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Tropical Depression Fred making likely comeback as tropical storm

South Florida landfall forecast for Saturday

(Photo: NOAA)

Tropical Depression Fred has lost some steam but will likely make a comeback as a tropical storm prior to landing in South Florida this weekend.

Tropical Storm Fred became the sixth named storm of the 2021 Atlantic hurricane season late Tuesday night. It formed in the Caribbean, moving across several islands Wednesday. This land interaction weakened Fred a bit, but the National Hurricane Center is forecasting Fred to regain strength as it moves over the warm open waters of the Caribbean over the next two days.

As of 8 a.m. Thursday, Fred was centered 80 miles northeast of Guantanamo, Cuba. Sustained winds were 35 mph, with higher gusts. Once sustained winds get back to 39 mph, Fred will return to tropical storm status. This will probably happen later Thursday or sometime Friday. Heavy rain continued Thursday morning in Hispaniola, the island shared by Haiti and the Dominican Republic.

Fred was moving west-northwest at about 16 mph. The NHC expects this general motion, with a decrease in forward speed, to continue during the next couple of days. On this forecast track, Fred will move across the southeastern Bahamas Thursday, move along or just north of eastern and central Cuba later Thursday and Friday, and be near the Florida Keys and the southern Florida Peninsula on Saturday. Providenciales in the Turks and Caicos Islands reported a wind gust of 39 mph Thursday morning.

Fred will move along Florida’s west coast Sunday, brushing by the Tampa-St. Petersburg area. Then, a second landfall is likely Monday in the Florida Panhandle.

Coast Guard officials have set some minimal restrictions at the port of Miami and Key West. However, they may tighten restrictions as Fred gets closer to Florida, with mainly low impacts on container cargo. Fred could also cause temporary delays in freight flows on roads across parts of the Southeast.

Rainfall forecast

• Across the Dominican Republic: 3 to 5 inches, with isolated totals of 8 inches. Heavy rainfall Thursday morning could lead to flash flooding, along with possible rapid river rises and the potential for mudslides.
• Over Haiti, the Turks and Caicos, the eastern Bahamas, and portions of Cuba: 1 to 3 inches, with isolated totals of 5 inches.
• Across the western Bahamas: 3 to 5 inches, with isolated totals of 8 inches.
• Beginning Friday into next week, heavy rainfall associated with Fred will impact Florida and parts of the Southeast. Through Monday, the NHC anticipates 3 to 5 inches of rain across the Florida Keys and the southern Florida Peninsula, with isolated totals of 8 inches. Heavy rainfall could lead to aerial, urban and small stream flooding, along with possible rapid river rises.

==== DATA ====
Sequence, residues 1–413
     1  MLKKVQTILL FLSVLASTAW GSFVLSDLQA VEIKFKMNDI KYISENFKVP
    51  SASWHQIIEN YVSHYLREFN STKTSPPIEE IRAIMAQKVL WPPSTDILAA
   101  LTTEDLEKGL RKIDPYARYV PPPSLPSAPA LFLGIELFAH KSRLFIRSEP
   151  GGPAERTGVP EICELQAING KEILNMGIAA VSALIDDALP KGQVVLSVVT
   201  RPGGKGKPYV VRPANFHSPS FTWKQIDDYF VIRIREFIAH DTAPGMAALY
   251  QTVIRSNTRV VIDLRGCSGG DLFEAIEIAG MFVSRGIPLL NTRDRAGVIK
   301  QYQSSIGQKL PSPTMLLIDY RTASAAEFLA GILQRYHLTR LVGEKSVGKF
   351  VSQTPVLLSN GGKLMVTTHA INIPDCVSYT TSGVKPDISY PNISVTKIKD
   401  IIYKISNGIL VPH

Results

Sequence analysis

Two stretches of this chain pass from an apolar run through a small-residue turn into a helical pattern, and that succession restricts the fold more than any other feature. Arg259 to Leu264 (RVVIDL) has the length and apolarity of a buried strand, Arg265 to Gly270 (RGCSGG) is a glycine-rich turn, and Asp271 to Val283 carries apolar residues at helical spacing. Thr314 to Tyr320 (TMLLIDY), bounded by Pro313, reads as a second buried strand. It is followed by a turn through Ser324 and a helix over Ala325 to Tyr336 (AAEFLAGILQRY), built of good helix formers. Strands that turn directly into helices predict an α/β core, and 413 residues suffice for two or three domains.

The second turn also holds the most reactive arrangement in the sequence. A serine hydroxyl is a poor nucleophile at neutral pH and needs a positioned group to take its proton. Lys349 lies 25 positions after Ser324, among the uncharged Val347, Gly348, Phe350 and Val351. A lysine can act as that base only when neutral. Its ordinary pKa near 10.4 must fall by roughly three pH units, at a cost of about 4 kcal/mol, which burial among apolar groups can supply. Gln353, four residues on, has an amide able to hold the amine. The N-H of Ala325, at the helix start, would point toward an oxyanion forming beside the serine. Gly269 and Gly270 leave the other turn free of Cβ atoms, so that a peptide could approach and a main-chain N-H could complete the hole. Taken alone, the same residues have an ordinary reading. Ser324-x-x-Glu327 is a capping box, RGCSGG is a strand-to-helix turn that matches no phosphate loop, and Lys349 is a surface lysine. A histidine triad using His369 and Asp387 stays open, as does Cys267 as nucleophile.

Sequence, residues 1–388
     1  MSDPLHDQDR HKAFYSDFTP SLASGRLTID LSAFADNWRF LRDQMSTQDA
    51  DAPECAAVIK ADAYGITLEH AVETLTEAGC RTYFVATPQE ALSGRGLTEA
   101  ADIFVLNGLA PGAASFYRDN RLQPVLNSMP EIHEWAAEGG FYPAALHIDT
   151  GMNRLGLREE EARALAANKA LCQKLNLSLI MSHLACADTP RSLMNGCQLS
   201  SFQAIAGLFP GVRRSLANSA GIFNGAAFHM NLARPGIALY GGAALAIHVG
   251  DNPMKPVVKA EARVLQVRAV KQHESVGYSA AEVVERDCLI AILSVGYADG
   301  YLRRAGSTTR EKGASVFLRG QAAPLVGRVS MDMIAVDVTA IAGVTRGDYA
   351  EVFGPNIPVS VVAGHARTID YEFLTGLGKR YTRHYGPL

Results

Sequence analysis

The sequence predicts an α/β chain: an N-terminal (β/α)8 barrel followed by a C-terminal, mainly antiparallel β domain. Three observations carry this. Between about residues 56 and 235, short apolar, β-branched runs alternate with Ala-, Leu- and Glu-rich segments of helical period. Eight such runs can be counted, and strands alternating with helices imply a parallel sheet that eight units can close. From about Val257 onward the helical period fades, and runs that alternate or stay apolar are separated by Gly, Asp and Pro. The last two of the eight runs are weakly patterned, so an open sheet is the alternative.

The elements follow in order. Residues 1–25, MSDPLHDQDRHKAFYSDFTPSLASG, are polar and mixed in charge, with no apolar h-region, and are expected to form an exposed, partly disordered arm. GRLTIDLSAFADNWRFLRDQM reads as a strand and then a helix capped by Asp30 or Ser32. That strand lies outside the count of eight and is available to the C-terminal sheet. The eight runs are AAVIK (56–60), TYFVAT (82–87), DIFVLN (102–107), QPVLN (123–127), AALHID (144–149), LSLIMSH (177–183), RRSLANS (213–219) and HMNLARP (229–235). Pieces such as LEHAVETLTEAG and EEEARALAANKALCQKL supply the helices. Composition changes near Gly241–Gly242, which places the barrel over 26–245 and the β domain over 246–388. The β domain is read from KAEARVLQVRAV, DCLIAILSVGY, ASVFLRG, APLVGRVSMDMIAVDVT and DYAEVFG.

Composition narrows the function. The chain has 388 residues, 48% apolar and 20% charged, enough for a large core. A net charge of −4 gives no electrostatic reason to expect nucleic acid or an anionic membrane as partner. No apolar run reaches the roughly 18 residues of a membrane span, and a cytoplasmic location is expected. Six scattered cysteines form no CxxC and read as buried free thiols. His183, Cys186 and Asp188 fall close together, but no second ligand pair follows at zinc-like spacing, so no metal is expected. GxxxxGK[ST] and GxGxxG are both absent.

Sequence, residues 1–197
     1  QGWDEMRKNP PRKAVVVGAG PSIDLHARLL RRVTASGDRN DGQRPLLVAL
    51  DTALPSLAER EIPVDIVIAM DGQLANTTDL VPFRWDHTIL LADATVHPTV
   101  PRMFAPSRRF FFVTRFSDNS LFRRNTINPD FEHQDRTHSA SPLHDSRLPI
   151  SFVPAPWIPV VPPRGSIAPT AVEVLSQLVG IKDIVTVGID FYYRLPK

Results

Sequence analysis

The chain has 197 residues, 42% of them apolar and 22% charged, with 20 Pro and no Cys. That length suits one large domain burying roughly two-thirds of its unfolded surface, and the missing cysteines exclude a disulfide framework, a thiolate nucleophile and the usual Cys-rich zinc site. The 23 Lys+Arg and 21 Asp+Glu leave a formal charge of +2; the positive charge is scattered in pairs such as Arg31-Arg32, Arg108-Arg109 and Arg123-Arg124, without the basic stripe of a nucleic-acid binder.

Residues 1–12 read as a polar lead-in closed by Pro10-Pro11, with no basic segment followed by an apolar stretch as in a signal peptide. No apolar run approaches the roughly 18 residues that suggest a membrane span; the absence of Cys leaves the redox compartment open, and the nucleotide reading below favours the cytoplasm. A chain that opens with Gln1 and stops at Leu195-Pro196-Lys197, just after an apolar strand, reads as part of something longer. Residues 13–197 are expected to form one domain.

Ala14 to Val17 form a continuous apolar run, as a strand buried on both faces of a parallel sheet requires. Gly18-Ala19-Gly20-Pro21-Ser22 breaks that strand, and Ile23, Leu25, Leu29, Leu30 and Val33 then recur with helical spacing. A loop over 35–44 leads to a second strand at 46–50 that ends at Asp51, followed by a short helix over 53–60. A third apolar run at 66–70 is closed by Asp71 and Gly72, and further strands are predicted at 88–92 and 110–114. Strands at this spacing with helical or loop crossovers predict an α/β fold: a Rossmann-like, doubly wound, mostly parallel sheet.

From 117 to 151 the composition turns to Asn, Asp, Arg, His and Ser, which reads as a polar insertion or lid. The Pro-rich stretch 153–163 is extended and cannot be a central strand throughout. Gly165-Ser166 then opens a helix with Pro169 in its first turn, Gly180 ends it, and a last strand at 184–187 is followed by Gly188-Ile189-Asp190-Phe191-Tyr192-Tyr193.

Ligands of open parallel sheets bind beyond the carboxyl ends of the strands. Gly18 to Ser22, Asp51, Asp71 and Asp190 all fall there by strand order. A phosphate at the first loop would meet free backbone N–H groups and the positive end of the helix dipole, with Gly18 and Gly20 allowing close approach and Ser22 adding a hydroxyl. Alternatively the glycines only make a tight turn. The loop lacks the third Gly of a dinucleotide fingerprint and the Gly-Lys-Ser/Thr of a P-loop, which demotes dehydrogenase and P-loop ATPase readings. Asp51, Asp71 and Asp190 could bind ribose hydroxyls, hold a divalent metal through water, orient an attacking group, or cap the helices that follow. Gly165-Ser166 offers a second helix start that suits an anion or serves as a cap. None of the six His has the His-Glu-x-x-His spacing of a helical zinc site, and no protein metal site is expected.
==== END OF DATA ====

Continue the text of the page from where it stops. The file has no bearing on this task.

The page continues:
Wind forecast

Tropical storm conditions (sustained winds of 39 to 73 mph), mainly in brief squalls, are possible along the northern coast of Haiti and the southeastern Bahamas Thursday morning. Tropical storm conditions are possible in Cuba beginning later Thursday.

Storm surge forecast

Swells generated by Fred are expected to spread across portions of the Bahamas and the northern coast of Cuba during the next couple of days. These swells could reach the Florida Keys and South Florida by early Saturday.

Related: Logistics groups ready to help during potentially busy hurricane season

On average, the sixth named storm develops on Aug. 28, so Fred is more than two weeks ahead of schedule. This is according to a tweet from Philip Klotzbach, a Colorado State University meteorologist who specializes in Atlantic basin hurricane season forecasts.

Fred’s exact path and landfall timing may change a bit, so look for updates on the FreightWaves website and social media accounts.

Click here for more FreightWaves articles by Nick Austin.

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Nick Austin

Nick is a meteorologist with 20 years of forecasting and broadcasting experience. He was nominated for a Midsouth Emmy for his coverage during a 2008 western Tennessee tornado outbreak. He received his Bachelor of Science in Meteorology from Florida State University, as well as a Bachelor of Science in Management from the Georgia Tech. Nick is a member of the American Meteorological Society and National Weather Association. As a member of the weather team at WBBJ-TV in Jackson, Tennessee, Nick was nominated for a Mid-South Emmy for live coverage of a major tornado outbreak in February 2008. As part of the weather team at WRCB-TV in Chattanooga, Tennessee, Nick shared the Chattanooga Times-Free Press Best of the Best award for “Best Weather Team” eight consecutive years.